Award-winning chemist to speak at GVSU

GVL / Courtesy - Zach Hetrick
Sara Skrabalak

Zach Hetrick

GVL / Courtesy – Zach Hetrick Sara Skrabalak

Kyle Bindas

Award-winning chemist Sara Skrabalak will be coming to Grand Valley State University this week to give a lecture about her work in chemistry as part of the Arnold C. Ott Lectureship. The lecture will take place in the Loosemore Auditorium on GVSU’s Pew Campus on April 14 at 5 p.m.

Skrabalak focuses her work on nanomaterials and has received many awards for her work in the field, including the National Science Foundation’s CAREER award and the American Chemical Society’s award in Pure Chemistry in 2014.

“She’s early in her career, but she’s making big contributions to science.” said Jennifer VanderPlas, chair of the communications committee of the chemistry department.

The Arnold C. Ott Lectureship is an event that has been held biannually for over 10 years. The goal of the series is to bring high-level scientists and ideas to GVSU, to expose students to exciting ideas in science. In the past, the lectureship has been given by Nobel Prize laureates, inventors, professors, congressmen and business leaders.

Skrabalak’s lecture is titled “From Honeycombs, Spider Webs, and Snowflakes to Stellated Metals: Symmetry in Nature and Nanomaterials,” and will touch on some of the big ideas of Skrabalak’s work in layman’s terms, focusing on how things that occur in nature inspire her work in nanomaterials.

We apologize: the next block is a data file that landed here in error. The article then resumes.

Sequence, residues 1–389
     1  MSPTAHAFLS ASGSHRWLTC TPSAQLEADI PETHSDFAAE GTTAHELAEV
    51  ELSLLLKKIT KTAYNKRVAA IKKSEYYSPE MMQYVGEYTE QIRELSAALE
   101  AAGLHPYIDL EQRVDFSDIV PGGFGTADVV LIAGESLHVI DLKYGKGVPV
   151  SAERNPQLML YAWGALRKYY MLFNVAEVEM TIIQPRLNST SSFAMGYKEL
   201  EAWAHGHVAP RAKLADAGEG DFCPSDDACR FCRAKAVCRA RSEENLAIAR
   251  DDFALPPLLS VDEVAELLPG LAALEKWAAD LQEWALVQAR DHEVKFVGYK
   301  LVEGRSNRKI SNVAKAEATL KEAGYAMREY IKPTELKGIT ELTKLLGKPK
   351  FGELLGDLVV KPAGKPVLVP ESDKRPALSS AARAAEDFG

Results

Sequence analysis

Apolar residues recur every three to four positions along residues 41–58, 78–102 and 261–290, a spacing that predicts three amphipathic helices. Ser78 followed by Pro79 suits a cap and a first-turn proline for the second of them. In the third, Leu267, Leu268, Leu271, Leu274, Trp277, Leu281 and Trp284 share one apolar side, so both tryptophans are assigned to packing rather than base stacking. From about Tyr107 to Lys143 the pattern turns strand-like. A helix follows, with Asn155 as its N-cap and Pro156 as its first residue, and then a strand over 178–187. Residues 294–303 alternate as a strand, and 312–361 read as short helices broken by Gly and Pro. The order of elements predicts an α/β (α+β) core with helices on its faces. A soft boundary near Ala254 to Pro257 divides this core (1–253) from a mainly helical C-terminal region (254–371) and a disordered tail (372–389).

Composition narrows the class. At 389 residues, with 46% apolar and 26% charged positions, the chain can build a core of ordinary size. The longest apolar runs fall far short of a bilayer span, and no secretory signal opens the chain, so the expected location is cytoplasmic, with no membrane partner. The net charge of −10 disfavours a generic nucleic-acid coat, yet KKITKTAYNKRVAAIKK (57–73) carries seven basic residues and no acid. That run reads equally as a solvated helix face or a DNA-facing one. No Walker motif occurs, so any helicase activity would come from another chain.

The lecture is open to all members of the GVSU community, including those that may not know a lot about science, but are still interested in learning about new advancements and big ideas.

“If you are interested in seeing some everyday applications to really cool science, this is an event for you,” VanderPlas said. “I think this is an event that really makes (science) accessible to everybody.”

On April 15, Skrabalak will host a follow-up seminar titled “Shaping the Synthesis of Bimetallic Nanocrystals” to chemistry faculty and students. While still open to the public, this seminar is directed toward the chemistry department, and will go in-depth into the technical side of the ideas.

“Allowing (the community) to have access to these people on our own turf is a huge thing,” VanderPlas said. “To have this level of people brought to a university of our size is a great experience for our students.”

The first of Skrabalak’s lectures will take place in the Loosemore Auditorium on April 14 at 5 p.m. The workshop will take place the following day, April 15, in the Pere Marquette Room in the Kirkhof Center at 1 p.m.